Dozens of people every year get arrested for crimes because they either brag about the crime or post evidence of it on social media.  If you are arrested for a crime in New Jersey because of evidence you posted to social media, you should talk to an attorney.  The Law Offices of John J. Zarych help clients throughout New Jersey fight their charges in court.

How People Get Caught for Crime on Social Media

In a recent New Jersey case, a 27 year old was arrested for posting a story of his drug crimes on Reddit.  The popular website allows users to make lengthy text, picture, and video posts.  This defendant posted the story of his drug trafficking experience as if it were a fake story.  This “story” is now being used as evidence against him for drug charges.

In a more remarkable case from a few years ago, a drunk driver tweeted about his crime while committing it.  In that case, the driver’s Twitter posts alerted police to his location and crime, where he was arrested.  In a more national news story, four teens were arrested for attacking a mentally challenged man.  They were caught because they streamed the torture and abuse using Facebook Live.

These are pretty glaring examples of how social media can lead to arrests, but even less obvious things can help police track down suspects.  As part of their investigations, many police and detectives will scroll through social media posts looking for evidence.  Pictures of people can help witnesses and police identify suspects.  Photos of cars and other property can help police locate vehicles and buildings involved in crimes.  Personally identifying things like names, nicknames, or graffiti tags can help point police to specific people, too.

Always think before posting to social media.  In many cases, the people posting may not be aware that they are doing anything illegal.  In other cases, the posts themselves are the illegal act.

Cyber bullying and threats are often delivered over the Internet.  In many cases, the people think that using the Internet will help keep them anonymous.  Many times, they are mistaken.  The Internet often leaves a trail the police can follow back to the original sender or poster of material.  This is often how people who use the internet to threaten, bully, or share explicit pictures are caught.

Defendants are Not Protected from Their Posts

Many people think that the “right to remain silent” might help protect them from their own posts.  The “right to remain silent” is part of the landmark Supreme Court case, Miranda v. Arizona.  In that case, the Court declared that before a police officer interrogates a suspect that they have in custody, they must warn them that they have the right to remain silent and the right to an attorney.  The key to this case is that it only applies to interrogations while the suspect is in custody.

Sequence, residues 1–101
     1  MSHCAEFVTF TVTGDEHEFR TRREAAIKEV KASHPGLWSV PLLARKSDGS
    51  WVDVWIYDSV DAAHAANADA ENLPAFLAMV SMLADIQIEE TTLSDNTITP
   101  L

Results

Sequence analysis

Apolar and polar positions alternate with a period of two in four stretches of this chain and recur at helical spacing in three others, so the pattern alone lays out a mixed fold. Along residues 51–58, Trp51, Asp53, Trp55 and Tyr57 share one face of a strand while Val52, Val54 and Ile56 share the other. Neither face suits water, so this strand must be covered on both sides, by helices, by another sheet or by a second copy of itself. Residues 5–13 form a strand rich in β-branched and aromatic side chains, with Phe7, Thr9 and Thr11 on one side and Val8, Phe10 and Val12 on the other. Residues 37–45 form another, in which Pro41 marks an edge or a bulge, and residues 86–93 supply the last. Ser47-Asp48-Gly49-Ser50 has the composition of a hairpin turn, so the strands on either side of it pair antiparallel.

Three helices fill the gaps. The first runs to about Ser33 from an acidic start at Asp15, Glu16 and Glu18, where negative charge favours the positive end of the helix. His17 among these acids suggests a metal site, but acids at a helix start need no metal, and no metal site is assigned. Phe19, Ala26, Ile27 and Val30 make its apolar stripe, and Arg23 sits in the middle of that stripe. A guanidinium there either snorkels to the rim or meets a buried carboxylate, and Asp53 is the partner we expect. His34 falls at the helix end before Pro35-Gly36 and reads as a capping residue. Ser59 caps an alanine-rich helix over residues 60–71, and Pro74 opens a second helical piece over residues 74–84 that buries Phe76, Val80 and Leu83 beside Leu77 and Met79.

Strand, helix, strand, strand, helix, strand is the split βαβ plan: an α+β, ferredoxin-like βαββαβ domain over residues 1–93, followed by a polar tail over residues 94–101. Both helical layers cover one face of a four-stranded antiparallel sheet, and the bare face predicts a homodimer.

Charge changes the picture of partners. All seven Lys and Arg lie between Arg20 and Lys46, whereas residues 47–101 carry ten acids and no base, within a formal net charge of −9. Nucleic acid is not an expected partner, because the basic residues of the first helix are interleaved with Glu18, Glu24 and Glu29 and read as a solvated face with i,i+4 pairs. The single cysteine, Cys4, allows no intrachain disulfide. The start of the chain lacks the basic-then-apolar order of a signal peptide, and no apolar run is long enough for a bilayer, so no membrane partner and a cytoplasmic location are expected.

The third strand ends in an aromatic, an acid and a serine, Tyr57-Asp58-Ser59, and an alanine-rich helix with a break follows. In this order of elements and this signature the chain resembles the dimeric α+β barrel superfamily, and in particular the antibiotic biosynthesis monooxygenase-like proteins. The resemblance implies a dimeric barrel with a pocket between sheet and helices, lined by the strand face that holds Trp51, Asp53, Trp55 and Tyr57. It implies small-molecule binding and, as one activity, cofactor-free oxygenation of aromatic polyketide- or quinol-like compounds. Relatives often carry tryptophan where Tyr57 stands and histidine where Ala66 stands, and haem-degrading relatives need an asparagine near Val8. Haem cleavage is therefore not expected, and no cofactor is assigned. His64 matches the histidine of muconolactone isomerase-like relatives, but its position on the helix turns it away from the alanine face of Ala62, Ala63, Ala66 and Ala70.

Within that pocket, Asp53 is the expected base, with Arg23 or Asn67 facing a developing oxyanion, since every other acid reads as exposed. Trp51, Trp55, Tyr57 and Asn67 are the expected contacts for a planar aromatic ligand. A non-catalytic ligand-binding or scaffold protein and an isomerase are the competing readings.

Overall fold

When police look at your social media, they are neither interrogating you, nor are you in custody.  This means that they can take any statements you make on social media and turn them into evidence.  There is no need to warn suspects of their Miranda rights before looking at their social media accounts, whether they are public or private.

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On top of that, the New Jersey Rules of Evidence actually allow the defendant’s own statements to be used against them.  New Jersey Rule of Evidence 802 blocks “hearsay” from being used as evidence in court.  Rule 801 defines “hearsay,” as any statement made outside of court that is used as evidence that what it says is true.  For instance, a social media post saying, “I killed Jeff last night,” would be hearsay if used to prove the poster killed Jeff.

Unfortunately for defendants, Rule 803 has exceptions to the hearsay rule to allow some hearsay to be used as evidence.  Any “statement by [a] party-opponent” is admissible as evidence.  That means anything that the other side said outside court can be used against them in court.  As the defendant, anything you said on social media can be used as evidence against you.

On top of this, only “statements” have these kinds of rules.  Pictures and videos are not statements, and are not protected by these rules.  That means that any visuals you post online could be used as evidence.

Our attorneys have experience with New Jersey’s laws on collecting and using evidence.  Sometimes police need search warrants to get evidence, even from social media.  A “motion to suppress” may be able to keep illegally obtained evidence out of the courts.  That means that if police hacked or wrongly obtained your evidence, we might be able to keep it away from a jury.

Contact an Attorney Today

If you have been charged with a crime, contact an attorney today.  If you were caught because of things you posted online, or your crime involved an online post, our attorneys will fight to stop that evidence.  The experienced criminal defense attorneys at The Law Offices of John J. Zarych represent clients throughout New Jersey and fight to get their charges dropped.  Call for a free consultation at (609) 616-4956.